Savannah, Ga. – July 31, 2012 – Top officials from the Georgia Ports Authority and the Georgia Department of Transportation (GDOT) held a ribbon-cutting today for the Highway 307 Overpass, one of the final steps in a cargo beltway linking the Port of Savannah to the Southeast, U.S.
“This particular road project provides even stronger freight handling via road and rail to and from the fastest growing region of the United States,” said GPA Executive Director Curtis Foltz. “The Highway 307 improvements work in tandem with other state and GPA projects that seamlessly link two interstate systems, an extensive rail network and the Port of Savannah.”
The Highway 307 Overpass is located just outside the Port of Savannah’s major gate complex where 12.5 percent of the nation’s containerized exports, or one out of every eight export containers originate. The new overpass will route cargo trucks over six rail tracks at the port’s on-terminal Mason Intermodal Container Transfer Facility (ICTF). In addition, the GPA is soon to complete a major expansion of the Mason ICTF
“Providing better mobility for port traffic supports both state and regional transportation needs,” state DOT Commissioner Keith Golden said. “Every dollar we invest in coordinating road and maritime transportation pays dividends in Georgia and the entire Southeast in the form of good jobs and economic growth.”
Total cost of the Highway 307 overpass is $22.5 million. GDOT is putting the finishing touches on the overpass, which should open to traffic next month.
“Enhancing Highway 307 and other transportation infrastructure around the port is a smart investment of state dollars, because the ports and our logistics industry support some 352,000 jobs across Georgia,” Foltz said. “Safely expediting import and export cargo helps to keep those jobs and future investment here at home.”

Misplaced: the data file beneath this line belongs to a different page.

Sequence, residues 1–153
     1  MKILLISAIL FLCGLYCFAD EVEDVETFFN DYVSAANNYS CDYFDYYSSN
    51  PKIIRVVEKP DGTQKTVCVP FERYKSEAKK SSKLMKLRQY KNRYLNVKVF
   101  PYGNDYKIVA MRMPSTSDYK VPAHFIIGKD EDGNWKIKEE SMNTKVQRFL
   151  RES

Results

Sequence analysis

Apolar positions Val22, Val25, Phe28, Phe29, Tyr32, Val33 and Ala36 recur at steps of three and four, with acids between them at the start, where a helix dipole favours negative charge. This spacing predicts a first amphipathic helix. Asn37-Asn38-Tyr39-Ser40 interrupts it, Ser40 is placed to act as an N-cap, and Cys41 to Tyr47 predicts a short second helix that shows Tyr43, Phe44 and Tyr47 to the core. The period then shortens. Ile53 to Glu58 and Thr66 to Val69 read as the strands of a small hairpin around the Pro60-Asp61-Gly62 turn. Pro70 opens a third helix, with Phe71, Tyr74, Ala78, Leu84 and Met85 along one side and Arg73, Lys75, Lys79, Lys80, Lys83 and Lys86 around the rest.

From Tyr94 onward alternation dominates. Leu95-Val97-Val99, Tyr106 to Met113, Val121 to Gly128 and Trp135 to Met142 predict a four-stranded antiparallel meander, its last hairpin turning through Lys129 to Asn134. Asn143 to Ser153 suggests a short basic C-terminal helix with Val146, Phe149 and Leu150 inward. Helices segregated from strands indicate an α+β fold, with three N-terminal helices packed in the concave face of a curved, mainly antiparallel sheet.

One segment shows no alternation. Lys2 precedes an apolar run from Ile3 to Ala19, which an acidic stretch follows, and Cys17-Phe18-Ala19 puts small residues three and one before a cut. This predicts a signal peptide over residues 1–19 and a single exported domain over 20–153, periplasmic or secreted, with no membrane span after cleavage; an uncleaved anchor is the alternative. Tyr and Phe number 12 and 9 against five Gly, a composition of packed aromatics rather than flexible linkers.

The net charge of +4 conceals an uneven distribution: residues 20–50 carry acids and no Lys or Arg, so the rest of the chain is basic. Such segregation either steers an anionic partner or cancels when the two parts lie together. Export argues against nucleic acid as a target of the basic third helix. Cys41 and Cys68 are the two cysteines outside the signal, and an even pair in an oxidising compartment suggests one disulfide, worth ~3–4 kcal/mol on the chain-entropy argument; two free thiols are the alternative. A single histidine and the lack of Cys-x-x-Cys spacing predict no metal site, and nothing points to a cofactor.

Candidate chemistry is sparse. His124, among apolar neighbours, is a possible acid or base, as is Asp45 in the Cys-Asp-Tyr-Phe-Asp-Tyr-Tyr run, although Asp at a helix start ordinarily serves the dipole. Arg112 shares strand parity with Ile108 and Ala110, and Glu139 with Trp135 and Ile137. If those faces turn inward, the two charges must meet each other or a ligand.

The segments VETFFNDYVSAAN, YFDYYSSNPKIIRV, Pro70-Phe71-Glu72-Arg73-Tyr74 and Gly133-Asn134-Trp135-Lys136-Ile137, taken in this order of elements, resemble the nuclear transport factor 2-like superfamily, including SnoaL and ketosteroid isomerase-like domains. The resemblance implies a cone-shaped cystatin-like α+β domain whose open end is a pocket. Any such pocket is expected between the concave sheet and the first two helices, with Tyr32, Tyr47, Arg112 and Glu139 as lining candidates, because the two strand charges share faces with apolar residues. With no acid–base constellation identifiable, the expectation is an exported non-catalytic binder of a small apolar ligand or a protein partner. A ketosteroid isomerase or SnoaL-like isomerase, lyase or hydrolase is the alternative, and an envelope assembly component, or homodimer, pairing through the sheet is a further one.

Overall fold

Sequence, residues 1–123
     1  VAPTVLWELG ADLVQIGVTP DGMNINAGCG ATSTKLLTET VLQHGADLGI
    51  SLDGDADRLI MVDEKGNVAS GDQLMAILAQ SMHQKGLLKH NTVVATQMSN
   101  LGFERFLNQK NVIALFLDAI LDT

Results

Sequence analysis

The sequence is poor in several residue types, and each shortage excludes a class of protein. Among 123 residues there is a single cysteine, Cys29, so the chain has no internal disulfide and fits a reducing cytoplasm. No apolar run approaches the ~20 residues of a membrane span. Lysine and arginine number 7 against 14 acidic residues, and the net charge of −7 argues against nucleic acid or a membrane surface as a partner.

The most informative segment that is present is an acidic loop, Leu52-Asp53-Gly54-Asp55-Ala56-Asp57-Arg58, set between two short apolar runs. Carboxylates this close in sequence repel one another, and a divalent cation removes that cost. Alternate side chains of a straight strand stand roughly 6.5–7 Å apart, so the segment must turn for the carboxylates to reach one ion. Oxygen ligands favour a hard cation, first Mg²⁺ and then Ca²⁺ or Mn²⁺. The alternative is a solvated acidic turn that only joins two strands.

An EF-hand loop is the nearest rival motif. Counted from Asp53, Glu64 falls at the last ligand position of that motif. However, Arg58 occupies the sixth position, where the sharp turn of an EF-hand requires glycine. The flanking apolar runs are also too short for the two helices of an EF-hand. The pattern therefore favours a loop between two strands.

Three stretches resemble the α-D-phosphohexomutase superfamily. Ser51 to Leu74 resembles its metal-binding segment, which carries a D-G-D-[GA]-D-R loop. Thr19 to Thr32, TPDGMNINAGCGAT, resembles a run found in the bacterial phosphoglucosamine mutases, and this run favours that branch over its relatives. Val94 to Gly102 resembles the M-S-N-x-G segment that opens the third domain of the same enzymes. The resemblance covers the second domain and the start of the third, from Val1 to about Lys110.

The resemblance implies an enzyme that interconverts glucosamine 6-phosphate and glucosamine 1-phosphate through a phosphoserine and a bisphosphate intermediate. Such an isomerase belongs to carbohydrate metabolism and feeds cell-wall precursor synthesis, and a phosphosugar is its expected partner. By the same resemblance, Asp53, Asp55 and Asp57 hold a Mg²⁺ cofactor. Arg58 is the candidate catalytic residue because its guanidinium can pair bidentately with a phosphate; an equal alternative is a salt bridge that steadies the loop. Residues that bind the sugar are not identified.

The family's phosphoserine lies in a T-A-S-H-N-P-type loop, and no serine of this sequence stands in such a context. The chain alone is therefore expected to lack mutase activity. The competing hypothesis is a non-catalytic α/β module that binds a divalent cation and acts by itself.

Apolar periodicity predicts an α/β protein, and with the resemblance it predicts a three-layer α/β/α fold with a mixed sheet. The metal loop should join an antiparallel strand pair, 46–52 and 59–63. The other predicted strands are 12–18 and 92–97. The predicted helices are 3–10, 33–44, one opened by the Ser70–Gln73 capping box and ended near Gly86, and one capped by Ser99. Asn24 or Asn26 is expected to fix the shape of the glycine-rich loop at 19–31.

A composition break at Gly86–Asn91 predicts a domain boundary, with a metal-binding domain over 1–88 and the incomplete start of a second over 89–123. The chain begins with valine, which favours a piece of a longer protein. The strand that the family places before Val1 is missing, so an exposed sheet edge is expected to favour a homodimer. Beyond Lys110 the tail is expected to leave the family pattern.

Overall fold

The overpass is part of a cargo beltway providing direct access from Garden City Terminal to Interstates 95 and 16. An important component of this initiative is the Jimmy DeLoach Parkway Connector. The 3.1-mile, four-lane extension will directly link Garden City Terminal to I-95. GDOT has approved state bonds for $121 million to pay for the project. The project is scheduled for completion in 2015.
In addition to the ongoing rail extensions at the Mason Intermodal Container Transfer Facility, other improvements will allow Norfolk Southern trains to enter the rail yard from the northwest, instead of looping through Garden City to enter from the east. This enhancement will drastically reduce the use of 21 at-grade rail crossings and improve efficiency at Mason ICTF.
Garden City is the only terminal on the East Coast with two on-site intermodal yards servicing Class I rail providers Norfolk Southern and CSX. Through its road and rail connections, the Port of Savannah serves 18 major retail distribution centers encompassing more than 15 million square-feet of space. These are operated by cargo owners such as Lowe’s, Target, The Home Depot and Bass Pro Shops. In addition, the port also serves many other third-party warehousing operations.
Other planned transportation improvements, which will improve truck transit times and safety, include a Brampton Road Connector to Interstate 516, and the widening of Grange Road to improve access to the north end of the terminal.
Georgia’s deepwater ports and inland barge terminals support more than 352,000 jobs throughout the state annually and contribute $18.5 billion in income, $66.9 billion in revenue and $2.5 billion in state and local taxes to Georgia’s economy. The Port of Savannah was the second busiest U.S. container port for the export of American goods by tonnage in FY2011. It also handled 8.7 percent of the U.S. containerized cargo volume and 12.5 percent of all U.S. containerized exports in FY2011.